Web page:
Money Matters: Even if you can't pay your taxes, file your return

 Peter G. Robbins, The Daily Record Newswire

Q: I was not able to pay all my taxes by the extended due date of my return. My certified public accountant told me I should file my return anyway, but I didn’t want to alert the Internal Revenue Service that I still owe money. I went ahead and filed since my CPA was insistent. Did I make a mistake?

A: No, you did not make a mistake, and you should thank your CPA for good advice. While an extension of time to file a return delays the final due date of your tax return, the extension request does not extend the due date for paying your tax liability. The IRS will charge interest and can charge penalties on any tax that is owed and not timely paid. But filing the tax return helps to lessen the penalties.

Late payment: If you don’t pay the tax you owe by the due date, you are charged a penalty, which is normally one-half of 1 percent of your unpaid taxes per month. So even if you are not able to pay all the tax you owe, paying as much as you can as soon as you can lessens this penalty. Also, if you make sure at least 90 percent of the tax you owe is paid by the original April 15 deadline, file a valid extension request, and pay the rest of the tax by the Oct. 15 extended deadline, no penalty will be assessed.

Late filing: If you don’t file your tax return, you can be assessed a greater penalty, which is normally 5 percent of the unpaid taxes for each month that a tax return is late, capped at 25 percent of your unpaid taxes. The monthly accrual of this tax is much more than the penalty for failure to pay. Consequently, it is always best to file the return even if you can’t pay all the tax.

The IRS does have some ability to waive these penalties if you can show reasonable cause for not filing or paying on time. Over the years I have found that what my clients have felt was reasonable and what the IRS deems reasonable are two different things. Also, there is a First Time Abate provision under which the IRS can waive one penalty if the taxpayer has a clean three-year history of timely compliance. And remember, regardless of the penalties, the IRS will charge interest on any taxes that are paid late. The interest assessment is statutory and will not be waived.

Q: My second question is: Since I can’t pay right now, what are my options?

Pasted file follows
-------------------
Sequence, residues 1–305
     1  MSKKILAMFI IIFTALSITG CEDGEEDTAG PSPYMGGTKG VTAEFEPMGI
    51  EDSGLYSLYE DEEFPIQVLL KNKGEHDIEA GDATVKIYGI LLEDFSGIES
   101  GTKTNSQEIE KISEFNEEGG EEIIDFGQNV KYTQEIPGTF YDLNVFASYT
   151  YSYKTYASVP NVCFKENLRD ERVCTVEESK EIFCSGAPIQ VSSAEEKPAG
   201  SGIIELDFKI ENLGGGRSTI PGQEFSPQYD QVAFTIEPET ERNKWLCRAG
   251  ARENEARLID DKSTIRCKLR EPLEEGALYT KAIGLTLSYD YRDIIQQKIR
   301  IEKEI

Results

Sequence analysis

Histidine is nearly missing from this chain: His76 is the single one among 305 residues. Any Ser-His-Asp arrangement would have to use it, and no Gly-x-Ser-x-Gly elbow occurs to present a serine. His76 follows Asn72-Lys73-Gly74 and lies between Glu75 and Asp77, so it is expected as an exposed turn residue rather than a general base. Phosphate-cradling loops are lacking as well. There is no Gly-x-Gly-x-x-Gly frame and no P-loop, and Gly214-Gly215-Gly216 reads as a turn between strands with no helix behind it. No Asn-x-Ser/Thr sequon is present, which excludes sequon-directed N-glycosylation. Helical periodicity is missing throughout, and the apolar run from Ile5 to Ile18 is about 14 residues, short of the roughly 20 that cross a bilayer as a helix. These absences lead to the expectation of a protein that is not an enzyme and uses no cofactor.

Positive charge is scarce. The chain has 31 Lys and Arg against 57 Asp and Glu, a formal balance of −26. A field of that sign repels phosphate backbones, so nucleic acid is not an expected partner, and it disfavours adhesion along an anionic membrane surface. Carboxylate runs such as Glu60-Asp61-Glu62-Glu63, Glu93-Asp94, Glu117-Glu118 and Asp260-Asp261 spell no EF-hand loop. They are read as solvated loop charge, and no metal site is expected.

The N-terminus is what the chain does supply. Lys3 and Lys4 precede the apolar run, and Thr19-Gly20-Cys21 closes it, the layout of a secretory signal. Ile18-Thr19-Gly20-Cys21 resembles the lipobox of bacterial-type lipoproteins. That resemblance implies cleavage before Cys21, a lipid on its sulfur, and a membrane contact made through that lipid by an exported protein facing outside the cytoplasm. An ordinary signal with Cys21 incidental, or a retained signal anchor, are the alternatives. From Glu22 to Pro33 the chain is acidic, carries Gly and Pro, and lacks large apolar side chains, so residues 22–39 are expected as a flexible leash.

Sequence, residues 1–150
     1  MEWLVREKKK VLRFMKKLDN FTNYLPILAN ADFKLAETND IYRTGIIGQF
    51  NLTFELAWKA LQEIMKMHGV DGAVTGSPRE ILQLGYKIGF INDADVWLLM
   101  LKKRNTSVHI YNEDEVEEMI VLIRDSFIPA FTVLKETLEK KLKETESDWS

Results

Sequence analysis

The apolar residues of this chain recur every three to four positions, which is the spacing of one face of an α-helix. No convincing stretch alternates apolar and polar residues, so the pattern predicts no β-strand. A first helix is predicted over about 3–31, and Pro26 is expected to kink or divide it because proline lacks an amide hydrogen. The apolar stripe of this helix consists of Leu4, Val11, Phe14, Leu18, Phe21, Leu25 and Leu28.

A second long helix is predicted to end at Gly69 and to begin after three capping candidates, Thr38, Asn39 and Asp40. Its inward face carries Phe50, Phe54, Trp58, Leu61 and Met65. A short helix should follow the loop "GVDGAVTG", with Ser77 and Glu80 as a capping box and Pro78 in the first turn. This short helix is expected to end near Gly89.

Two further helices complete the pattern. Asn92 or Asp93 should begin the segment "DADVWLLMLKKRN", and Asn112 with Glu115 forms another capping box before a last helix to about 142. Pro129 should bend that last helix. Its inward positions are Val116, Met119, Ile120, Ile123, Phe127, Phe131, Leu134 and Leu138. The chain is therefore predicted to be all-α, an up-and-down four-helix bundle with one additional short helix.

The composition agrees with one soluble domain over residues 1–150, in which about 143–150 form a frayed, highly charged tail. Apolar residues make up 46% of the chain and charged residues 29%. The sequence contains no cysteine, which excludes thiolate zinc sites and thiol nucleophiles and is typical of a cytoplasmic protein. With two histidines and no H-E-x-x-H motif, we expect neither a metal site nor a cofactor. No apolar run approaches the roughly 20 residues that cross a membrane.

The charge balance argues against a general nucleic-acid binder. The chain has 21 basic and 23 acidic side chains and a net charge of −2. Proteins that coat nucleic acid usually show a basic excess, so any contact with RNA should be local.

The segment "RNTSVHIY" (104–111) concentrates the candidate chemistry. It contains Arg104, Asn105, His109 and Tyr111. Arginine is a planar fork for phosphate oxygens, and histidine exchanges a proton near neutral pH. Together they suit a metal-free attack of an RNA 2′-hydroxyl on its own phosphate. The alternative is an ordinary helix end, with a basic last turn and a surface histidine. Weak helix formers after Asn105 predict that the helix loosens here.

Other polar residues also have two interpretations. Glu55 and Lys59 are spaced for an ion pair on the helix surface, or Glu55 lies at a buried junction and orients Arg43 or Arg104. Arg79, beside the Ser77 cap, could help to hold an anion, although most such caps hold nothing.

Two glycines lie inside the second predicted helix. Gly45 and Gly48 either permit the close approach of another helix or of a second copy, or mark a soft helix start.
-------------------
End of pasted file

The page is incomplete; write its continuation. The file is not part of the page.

A: First, pay what you can when you file your return. The IRS will send a letter, usually within 30 days, telling you more tax is owed. If possible, pay the balance when this letter is received. But if you know you won’t be able to pay your tax, you can take advantage of several IRS payment programs. Don’t try to hide from the IRS; they will work with you to try to develop a payment plan.

The IRS normally encourages taxpayers to obtain a loan or use a credit card to make payment. If you can find a very low-interest loan this strategy can work, but be careful since the interest rates charged by most financial institutions and certainly by most credit card companies usually exceed what the IRS will charge. Further, there is normally a fee charged by the processing company for payment by debit or credit card, which can be prohibitive. Consequently, I never recommend paying with plastic.

Your first option for working with the IRS is to request a short-term agreement, which allows you to pay your tax balance in 120 days or less. There is an online payment agreement application, or you can request it by calling the IRS.

If you don’t believe you will be able to pay within the 120-day period, you can apply for a payment plan either online, via phone or by filing Form 9465, Installment Agreement Request. If you owe more than $50,000 the IRS will also require that you complete Form 433F, Collection Information Statement.

If there is little hope that you will be able to settle your tax obligation, the IRS has other programs to help. The Offer-in-Compromise and related Fresh Start programs allow you to negotiate with the IRS and settle your tax debt for less than the full amount you owe. This is often an involved process, and I would recommend that you use a qualified professional if you choose to go this route.

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To ensure compliance imposed by IRS Circular 230, any U.S. federal tax advice contained in this article is not intended or written to be used, and cannot be used by any taxpayer, for the purpose of avoiding penalties that may be imposed by governmental tax authorities. The answers in this column are meant to offer general information. You should consult your tax adviser regarding the specifics of your situation.

Peter Robbins is a partner in the Boise office of CliftonLarsonAllen LLP, specializing in tax matters for small businesses, individuals, and trusts and estates.

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